Born during an earthquake in Palo Alto, CA, one could certainly say Amin El Gamal knows how to make an entrance. He is the son of two Egyptian-born parents, and grandson of an Egyptian actress. His chameleon-like ability to morph into each character he plays is terrifically mesmerizing and will undoubtedly leave you wanting more. El Gamal’s villainous role in FOX’s PRISON BREAK continuation is beyond terrifying, yet his unique ability to breathe life into the multi-faceted character of “Cyclops” somehow makes you root for him—even if you feel like you shouldn’t.
1) Funniest/ craziest thing that has happened on set?
We shot a good chunk of the show in the desert in a Moroccan town called Ouarzazate. There was a snake wrangler on set at all times to make sure we were safe. Basically, he would comb the sand for snakes, pick them up with his bare hands, and then store them in a jar. After we were done, he’d release them back into the desert – so in case you were concerned, no snakes were harmed in the making of Prison Break.
I remember at one point Wentworth’s bodyguard found a snake near him and started yelling. We all freaked out and ran away like bats out of hell. The wrangler caught the snake, like it was no big deal, and we survived, but it was all pretty hilarious.
2) If you want to spoil me rotten…
Do my laundry. Seriously, I just ran out of clean underwear today. Is that TMI? It’s probably TMI.
3) Snapchat, Instagram or twitter? And why?
I would have to say Twitter. I’m more verbal than visual, and I can get kind of sick of taking selfies and choosing filters. Plus, puns are everything to me.
4) Known by your friends as the __________ one?
I want to say “the badass one,” but “the worried one” is probably more accurate.
5) Prison Break Season 5 is set to debut in April, what was shooting the continuation of the original series like?
Working on the show was exhilarating. To be a part of something as beloved as Prison Break was a bit daunting, but also really exciting. And to be working with Wentworth Miller, who’s a real trailblazer for queer actors and a brave advocate for mental wellness, was downright inspirational.
Also, traveling around the globe with a ragtag group of insanely talented Middle Eastern actors was so empowering. It was such a charming and loving cast. We ate a lot together and laughed our faces off when we weren’t out on location working hard to make the show as good as it can be.
6) What’s it like playing the lead villain Cyclops on Prison Break?
Creating the character of Cyclops was a challenge, but in the best way possible. I am, as a person, basically a Golden Girl stuck in a lanky ethnic man’s body. So, as an actor, having the task of becoming this menacing, yearning, explosive sort of character was a delicious challenge.
To prepare, I did a lot of research on what’s going on in Yemen (where the character is from), I learned a dialect, and I even went back to the mythological Greek character of Cyclops for inspiration. I also did a good deal of physical work, as well: arms and boxing training, learning to drive stick-shift, and working with some pretty intense prosthetic makeup every day.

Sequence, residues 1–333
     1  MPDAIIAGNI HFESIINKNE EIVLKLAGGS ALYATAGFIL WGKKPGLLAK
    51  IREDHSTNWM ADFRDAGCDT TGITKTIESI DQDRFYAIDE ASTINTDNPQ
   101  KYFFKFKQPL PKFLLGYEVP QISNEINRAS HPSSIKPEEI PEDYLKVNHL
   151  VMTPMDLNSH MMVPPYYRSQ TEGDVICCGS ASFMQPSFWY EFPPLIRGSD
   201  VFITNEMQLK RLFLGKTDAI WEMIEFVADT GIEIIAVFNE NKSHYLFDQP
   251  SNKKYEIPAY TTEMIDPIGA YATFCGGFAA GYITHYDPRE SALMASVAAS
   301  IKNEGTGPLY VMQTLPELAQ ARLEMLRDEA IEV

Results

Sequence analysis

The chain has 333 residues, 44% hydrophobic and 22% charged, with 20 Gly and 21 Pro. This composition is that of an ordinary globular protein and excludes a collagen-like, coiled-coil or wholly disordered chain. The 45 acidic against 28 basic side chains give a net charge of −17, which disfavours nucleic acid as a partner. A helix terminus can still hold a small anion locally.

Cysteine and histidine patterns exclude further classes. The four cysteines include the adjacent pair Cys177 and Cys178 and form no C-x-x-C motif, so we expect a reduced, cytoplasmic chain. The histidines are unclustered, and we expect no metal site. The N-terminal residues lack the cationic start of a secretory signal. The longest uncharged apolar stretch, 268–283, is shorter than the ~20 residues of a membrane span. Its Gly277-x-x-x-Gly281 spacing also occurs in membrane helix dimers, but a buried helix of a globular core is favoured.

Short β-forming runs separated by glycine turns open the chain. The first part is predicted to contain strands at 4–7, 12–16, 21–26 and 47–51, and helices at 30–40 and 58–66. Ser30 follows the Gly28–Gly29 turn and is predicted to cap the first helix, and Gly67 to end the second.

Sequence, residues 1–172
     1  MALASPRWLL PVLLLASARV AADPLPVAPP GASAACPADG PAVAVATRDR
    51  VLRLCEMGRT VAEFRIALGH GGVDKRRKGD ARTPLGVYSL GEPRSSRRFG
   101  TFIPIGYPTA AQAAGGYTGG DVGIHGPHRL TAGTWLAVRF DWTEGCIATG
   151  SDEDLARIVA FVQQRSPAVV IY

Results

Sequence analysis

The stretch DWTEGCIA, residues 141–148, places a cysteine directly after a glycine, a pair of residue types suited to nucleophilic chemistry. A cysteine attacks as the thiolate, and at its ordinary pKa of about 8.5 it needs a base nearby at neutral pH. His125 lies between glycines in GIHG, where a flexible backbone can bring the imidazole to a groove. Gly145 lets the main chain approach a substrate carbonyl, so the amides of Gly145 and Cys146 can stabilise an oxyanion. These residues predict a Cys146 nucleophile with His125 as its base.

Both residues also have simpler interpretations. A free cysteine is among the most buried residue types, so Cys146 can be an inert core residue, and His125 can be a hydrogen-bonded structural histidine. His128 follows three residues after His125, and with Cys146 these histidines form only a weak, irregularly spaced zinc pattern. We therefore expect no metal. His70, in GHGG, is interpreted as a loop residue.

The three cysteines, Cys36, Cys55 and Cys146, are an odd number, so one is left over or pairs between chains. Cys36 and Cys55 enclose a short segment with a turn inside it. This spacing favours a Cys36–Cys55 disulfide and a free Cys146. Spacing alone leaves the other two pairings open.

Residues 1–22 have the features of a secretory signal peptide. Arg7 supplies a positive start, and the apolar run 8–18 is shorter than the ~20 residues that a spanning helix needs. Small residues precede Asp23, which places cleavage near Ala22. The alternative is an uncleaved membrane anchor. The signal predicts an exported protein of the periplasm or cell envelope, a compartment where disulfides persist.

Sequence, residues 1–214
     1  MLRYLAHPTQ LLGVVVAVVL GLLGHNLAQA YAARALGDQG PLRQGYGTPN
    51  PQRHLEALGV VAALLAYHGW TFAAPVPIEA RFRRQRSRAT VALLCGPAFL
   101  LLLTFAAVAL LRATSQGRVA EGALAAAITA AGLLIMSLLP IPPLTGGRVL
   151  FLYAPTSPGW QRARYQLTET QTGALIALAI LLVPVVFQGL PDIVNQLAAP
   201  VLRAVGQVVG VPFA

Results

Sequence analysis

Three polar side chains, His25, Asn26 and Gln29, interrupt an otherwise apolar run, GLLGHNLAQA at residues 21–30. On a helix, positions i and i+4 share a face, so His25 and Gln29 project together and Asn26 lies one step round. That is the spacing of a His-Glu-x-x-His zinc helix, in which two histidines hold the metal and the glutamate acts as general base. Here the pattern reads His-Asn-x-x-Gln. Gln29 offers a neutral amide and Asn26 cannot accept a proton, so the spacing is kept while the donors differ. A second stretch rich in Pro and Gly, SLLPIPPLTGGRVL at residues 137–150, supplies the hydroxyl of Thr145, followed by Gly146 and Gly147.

Finding my connection to the character was the toughest and the most important part of my prep though. When playing a villain, it can be easy to be reductive or dismissive in your acting choices. I really wanted people watching to, obviously not approve of his behavior, but to understand it. That was my main goal, to humanize someone who is usually seen as inhuman.
7) On The Librarians you played the role of Apep the Egyptian God, which is also your very much part of your Egyptian heritage. What was that like?
‘The Librarians’ was hands down one of my most fun acting experiences. It’s a highly imaginative and sometimes wacky show, so having the freedom to be big and silly was a blast.
As an Egyptian American person, I’ve always wanted to play an Ancient Egyptian character – especially given that, for some reason, those roles are often (very inappropriately) played by white people.
A couple years ago, a picture of a very old headshot of mine side by side with a bust of the pharaoh Akhenaten randomly went viral in Brazil and Egypt. It was very strange. People started contacting me because they thought I was the reincarnation of the pharaoh. It was especially ironic because around that time I’d been told a few times that I wasn’t “sexy enough” to play pharaohs. I’m clearly having the last laugh on this one.
8) What is your dream role?
I actually have a project about Akhenaten on the back burner. He was fascinating: the first person in recorded history to believe in one deity, reportedly bisexual, and the father of King Tut.
Right now, though, I’m more interested in characters that center Arab Americans as relatable human beings. I have yet to see a character on TV that really is anything like me as a person or like my family. I’m tired of seeing us portrayed in the context of terrorism or violence.
I also secretly harbor a desire to play Mama Rose in the musical ‘Gypsy’.
9) Tell us about your philanthropic work.
Right now, I’m most involved in Black Lives Matter as an ally and volunteer, and am working on a support group for LGBTQ Muslims. I also picket a lot. There’s a lot to protest these days.
10) You have a lot going but what else can we look forward to?
I worked on a couple movies recently. Namour is the debut of a wonderful Egyptian-American filmmaker named Heidi Saman. It’s a rare film that shows the everyday life of Arab Americans in a very authentic and visually cool way. That will be in theatres and on Netflix in mid-March. I also play a very different role in a thriller called Message from the King starring Chadwick Boseman and Alfred Molina. I’m not sure when that will be released, but I imagine soon. It’s a real treat to be able to play so many vastly different sorts of characters. I’m a lucky duck.
Photography by David-Gabe Photography